The BBC has delayed plans to scrap free TV licences for those aged 75 and over in an effort to support the nation deal with the coronavirus pandemic.
The new policy would have seen the current Government-funded scheme that grants all households with people over 75 a free TV licence scrapped. Instead, only households where someone over 75 claims Pension Credit would have been entitled to the free TV licence.
These changes were meant to come into effect on 1st June 2020, but the BBC has announced they will now be delayed to 1st August due to the "exceptional circumstances" the country faces amid the coronavirus pandemic.
A joint statement from the BBC and Department for Digital, Culture, Media & Sport explained the reasoning behind the decision: "The BBC and the Government have been discussing the national Coronavirus situation.
"Changes to the TV licence for people aged over 75 had been due to come into effect on 1 June. But during this time we do not want anyone to be worried about any potential change.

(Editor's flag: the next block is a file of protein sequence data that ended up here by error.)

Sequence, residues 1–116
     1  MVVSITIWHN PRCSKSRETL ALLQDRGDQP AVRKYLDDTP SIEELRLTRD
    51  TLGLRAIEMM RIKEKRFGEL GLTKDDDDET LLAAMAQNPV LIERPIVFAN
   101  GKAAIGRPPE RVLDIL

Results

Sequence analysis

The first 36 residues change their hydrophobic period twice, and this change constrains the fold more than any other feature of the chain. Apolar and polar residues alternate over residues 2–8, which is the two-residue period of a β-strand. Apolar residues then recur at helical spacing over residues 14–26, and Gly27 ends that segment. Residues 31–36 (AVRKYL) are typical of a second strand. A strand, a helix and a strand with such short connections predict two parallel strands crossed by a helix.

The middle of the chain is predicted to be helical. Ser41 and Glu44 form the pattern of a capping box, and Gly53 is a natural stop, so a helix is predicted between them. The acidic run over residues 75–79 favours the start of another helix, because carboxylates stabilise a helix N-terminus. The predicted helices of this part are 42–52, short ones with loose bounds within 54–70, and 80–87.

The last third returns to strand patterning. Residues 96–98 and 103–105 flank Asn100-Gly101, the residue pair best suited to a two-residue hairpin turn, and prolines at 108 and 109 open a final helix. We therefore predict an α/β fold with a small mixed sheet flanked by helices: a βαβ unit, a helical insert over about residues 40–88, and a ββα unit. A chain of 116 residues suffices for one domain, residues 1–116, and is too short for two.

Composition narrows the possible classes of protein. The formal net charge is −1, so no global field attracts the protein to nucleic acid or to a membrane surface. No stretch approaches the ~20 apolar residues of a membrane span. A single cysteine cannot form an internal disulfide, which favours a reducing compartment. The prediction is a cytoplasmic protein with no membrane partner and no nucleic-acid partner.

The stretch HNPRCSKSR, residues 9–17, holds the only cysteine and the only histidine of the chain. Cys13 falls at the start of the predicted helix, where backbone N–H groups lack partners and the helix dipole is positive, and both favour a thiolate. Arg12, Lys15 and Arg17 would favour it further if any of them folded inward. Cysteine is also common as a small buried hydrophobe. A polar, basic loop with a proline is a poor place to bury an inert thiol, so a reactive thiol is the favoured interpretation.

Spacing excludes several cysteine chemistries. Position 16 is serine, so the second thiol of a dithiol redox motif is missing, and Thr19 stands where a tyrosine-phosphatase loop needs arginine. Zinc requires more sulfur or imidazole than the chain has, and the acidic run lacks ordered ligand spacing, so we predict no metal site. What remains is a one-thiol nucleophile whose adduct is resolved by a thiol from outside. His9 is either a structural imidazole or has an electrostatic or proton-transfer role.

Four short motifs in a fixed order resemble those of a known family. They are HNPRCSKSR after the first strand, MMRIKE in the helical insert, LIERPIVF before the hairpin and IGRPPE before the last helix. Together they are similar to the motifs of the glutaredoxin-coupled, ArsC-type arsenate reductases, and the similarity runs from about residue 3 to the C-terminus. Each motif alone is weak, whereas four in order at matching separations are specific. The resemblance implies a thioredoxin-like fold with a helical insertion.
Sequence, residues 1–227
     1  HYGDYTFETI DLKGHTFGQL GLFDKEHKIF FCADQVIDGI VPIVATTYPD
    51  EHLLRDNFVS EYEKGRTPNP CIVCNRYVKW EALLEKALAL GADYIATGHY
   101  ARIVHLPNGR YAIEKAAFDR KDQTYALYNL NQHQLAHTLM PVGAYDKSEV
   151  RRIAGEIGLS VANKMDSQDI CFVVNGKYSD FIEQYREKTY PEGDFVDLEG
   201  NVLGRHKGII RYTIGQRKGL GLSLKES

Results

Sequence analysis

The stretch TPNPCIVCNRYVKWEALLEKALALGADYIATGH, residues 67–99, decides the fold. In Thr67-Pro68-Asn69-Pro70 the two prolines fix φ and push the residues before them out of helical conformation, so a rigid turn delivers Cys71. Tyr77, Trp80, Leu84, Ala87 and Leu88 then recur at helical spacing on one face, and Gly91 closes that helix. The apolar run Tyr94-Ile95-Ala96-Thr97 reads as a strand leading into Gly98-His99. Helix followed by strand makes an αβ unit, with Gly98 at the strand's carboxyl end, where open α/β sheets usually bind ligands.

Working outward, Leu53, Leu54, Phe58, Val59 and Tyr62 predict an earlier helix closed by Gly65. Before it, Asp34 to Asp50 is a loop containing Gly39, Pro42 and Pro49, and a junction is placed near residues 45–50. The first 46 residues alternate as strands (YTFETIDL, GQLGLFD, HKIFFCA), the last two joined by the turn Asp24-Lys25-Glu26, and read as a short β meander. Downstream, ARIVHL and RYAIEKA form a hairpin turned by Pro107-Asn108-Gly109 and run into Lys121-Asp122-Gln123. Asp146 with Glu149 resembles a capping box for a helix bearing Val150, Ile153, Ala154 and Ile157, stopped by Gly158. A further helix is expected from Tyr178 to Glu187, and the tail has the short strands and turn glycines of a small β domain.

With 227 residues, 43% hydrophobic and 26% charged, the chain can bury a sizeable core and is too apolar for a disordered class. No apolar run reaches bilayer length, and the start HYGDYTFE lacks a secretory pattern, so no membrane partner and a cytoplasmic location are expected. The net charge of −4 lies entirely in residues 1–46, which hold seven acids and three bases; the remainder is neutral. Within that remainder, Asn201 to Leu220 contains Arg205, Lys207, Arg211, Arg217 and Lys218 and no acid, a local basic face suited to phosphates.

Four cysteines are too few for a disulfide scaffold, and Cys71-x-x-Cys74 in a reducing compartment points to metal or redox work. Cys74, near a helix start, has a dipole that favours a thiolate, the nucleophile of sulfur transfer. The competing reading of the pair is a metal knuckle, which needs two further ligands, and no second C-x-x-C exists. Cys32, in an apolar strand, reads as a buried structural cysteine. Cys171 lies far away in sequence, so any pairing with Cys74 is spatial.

"The BBC's priority over the coming period will be to do everything we can to serve the nation at this uniquely challenging time. As the national broadcaster, the BBC has a vital role to play in supplying information to the public in the weeks and months ahead."
There is no news as yet on whether the TV licence fee increase from £154.50 to £157.50 in April will go ahead as planned.
Confirmed cases of coronavirus have now reached more than 170,000 worldwide, with over a thousand in the UK alone. The British government is expected to hold a televised press conference every afternoon to update citizens on latest developments and safety measures.